the things we can’t discuss

Being an administrator can be deeply alienating. You’re responsible for people, for money, for a community, for services, for the success of all of those… and you’re the only one. You’re still a part of your professional cohort, but you’re not, really. I’m a librarian, but I’m not, really. I’m a part of the team, but I’m not, really. I have a group of colleagues, but I don’t, really.

Part of that originates in the truth that there are so many things I can’t talk about. Even more things that I can’t write about. For example, in the last ten days I’ve been doing the following oblique vague things:

  • worked with [redacted] on a letter about [redacted] requesting [redacted], and bit my nails in nervousness over directly contacting someone who is [redacted]
  • considered and worked through my emotional reactions to having the [redacted] project reassigned to [redacted] after [redacted], and managed and responded to the reactions of the team over [redacted]
  • met with the [redacted] department and was blindsided by the [redacted] discussed in the meeting, then worked with [redacted, redacted, and redacted] to respond to and counter what we learned
  • edited a white paper by [redacted] about [redacted] and bit my nails in nervousness over how my radical changes would be received by someone who is [redacted]
  • wrote a letter in support of [redacted] for [redacted] and then was inspired to think about succession planning in light of our budget and staffing situation

Those were all time-consuming and important and emotionally laden and real and meaningful. I also can’t tell you any more about any of them. I’d love to. Each has an essay buried in it, about my experiences as a library leader, as an administrator, as a member of a campus community, as someone struggling with harsh fiscal realities that compete with her ideals… but there’s so much I can’t say. So much I can’t discuss in public, outside my office, away from my desk, with anyone who isn’t privy to the original situation. Those communication restrictions aren’t because of anything other than my own sense of confidentiality, professional propriety, and appropriate relationship management. As Cone of Silence is just the right thing to do. And so I can’t talk about them, and I can’t write about them, and how on earth could anyone understand my experience or my mental state or the nuance of my work, when I can’t tell you a damn thing about any of them?

It makes it hard. It makes it lonely.

I’m not sure what my point is, really, or how to close this. I’m not whining. I don’t mind this life, or this job, or these tasks. I chose them, I strive to be good at them, and I am glad of what I do. I value my work and my job and my life. The need for confidentiality and circumspection is just a part of the gig, and I respect and value that. I’m just having a moment in which I have so much to say, and my ability to say it is so muffled I’m not at all sure where to go next.

 

9 thoughts on “the things we can’t discuss

  1. The Disobedient Librarian

    As always – thanks for sharing what you can! Lack of transparency and our inability (as inherently social beings) to frankly discuss and share things that impact our profession and might help others learn and make better decisions (and perhaps more importantly, to have people perceive/react to those discussions calmly and logically) is, in my mind, a major issue facing all of us in higher ed and librarianship.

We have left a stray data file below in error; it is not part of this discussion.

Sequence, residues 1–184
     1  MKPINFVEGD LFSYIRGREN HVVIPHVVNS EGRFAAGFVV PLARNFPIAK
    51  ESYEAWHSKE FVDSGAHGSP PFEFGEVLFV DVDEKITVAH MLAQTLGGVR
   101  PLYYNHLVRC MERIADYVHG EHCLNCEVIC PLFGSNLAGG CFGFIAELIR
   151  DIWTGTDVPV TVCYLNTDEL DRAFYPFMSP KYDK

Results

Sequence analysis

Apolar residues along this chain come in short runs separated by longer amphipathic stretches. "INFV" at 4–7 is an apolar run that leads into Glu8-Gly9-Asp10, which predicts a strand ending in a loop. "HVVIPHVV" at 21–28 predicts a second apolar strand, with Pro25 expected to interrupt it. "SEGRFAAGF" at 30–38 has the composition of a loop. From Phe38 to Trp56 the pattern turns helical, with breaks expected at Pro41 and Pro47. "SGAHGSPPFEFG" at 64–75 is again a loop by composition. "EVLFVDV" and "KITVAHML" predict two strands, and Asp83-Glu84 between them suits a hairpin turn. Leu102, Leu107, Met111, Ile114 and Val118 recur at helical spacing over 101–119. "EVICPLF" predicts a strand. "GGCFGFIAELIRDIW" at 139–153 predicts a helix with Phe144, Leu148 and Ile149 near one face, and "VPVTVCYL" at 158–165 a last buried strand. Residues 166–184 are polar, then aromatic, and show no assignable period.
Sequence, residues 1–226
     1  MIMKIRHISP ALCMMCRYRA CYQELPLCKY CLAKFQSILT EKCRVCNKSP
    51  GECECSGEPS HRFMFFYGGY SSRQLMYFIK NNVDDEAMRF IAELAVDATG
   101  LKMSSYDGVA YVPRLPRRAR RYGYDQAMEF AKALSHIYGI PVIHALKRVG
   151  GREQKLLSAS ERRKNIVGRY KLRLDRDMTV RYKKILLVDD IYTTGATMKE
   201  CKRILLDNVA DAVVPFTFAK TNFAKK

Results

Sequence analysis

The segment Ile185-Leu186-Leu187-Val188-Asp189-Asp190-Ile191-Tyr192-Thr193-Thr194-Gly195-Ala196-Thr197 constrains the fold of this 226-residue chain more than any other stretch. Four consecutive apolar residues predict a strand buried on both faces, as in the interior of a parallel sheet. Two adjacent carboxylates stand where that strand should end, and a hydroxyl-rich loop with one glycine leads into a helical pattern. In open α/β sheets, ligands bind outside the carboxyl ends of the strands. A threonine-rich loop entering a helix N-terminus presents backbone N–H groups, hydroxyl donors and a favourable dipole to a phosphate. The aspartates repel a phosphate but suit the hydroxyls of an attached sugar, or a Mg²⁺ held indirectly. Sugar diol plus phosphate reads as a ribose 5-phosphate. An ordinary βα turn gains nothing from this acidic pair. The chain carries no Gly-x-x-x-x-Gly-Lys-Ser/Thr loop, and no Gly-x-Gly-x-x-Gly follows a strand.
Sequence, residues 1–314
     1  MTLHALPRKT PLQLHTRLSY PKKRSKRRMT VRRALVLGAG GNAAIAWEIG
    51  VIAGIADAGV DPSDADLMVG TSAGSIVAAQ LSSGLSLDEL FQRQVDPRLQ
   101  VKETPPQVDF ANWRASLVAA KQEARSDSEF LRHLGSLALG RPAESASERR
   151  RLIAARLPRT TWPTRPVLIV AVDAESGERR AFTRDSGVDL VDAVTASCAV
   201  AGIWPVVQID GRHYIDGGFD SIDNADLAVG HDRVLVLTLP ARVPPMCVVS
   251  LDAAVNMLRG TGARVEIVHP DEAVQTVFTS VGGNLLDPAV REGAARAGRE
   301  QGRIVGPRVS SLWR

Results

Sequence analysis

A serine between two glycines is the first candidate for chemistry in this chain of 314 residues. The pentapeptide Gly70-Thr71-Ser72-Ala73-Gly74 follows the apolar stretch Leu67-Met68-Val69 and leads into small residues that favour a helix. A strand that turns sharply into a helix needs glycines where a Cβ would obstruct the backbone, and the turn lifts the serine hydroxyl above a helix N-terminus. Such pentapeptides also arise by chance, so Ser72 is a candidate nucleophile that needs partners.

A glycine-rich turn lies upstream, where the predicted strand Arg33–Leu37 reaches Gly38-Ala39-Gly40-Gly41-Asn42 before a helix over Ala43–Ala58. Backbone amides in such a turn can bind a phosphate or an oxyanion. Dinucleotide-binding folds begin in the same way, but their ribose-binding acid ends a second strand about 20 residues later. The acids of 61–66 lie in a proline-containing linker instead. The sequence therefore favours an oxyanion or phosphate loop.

But please keep sharing as much as possible and don’t let the CIA/NSA-style secrecy environment we now find ourselves in generally dissuade you from fighting against it whenever possible!

  2. Jessica Olin

    This is the thing nobody tells you about moving into the captain’s chair, or if they do tell you it isn’t as real as when you do move to administration. It’s the difference between being friendly and being friends.

    Thank you, once again, Jenica.

  3. Genesis

    This was the thing I found most difficult about moving into management. I thought it would be hard to supervise my friends because of the new power dynamic, but we actually worked through that pretty quickly. What I didn’t expect was how much I would have to hold my tongue for legal and/or ethical reasons, and how much that affected my ability to relate to and engage with my friends and co-workers around work-related issues. When people see reticence, they become reticent themselves. And then suddenly you’re trying to make decisions with a lot less information about what’s really going on in your organization. It’s very hard, and very lonely. I’ve been working to develop my peer group outside of my own organization – there’s still a lot I can’t talk about, but at least my peers understand WHY I can’t talk about it and we can share frustrations about our inability to talk.

  4. Ryan Deschamps

    Yes this; all this. The number of times I heard “and they are doing nothing about this” when I took weeks of attention and time away from my wife and kids to deal with said “this” is very very depressing and as an administrator, there it is often the case where you cannot defend yourself against rumours and such. I really like transparency, but having been on the other end of such demands for said transparency, it can be very difficult. The inevitable foibles of co-workers becomes pornography for the mob. And frequently, the loudest mobsters are the ones who should be more focussed on foibles of their own.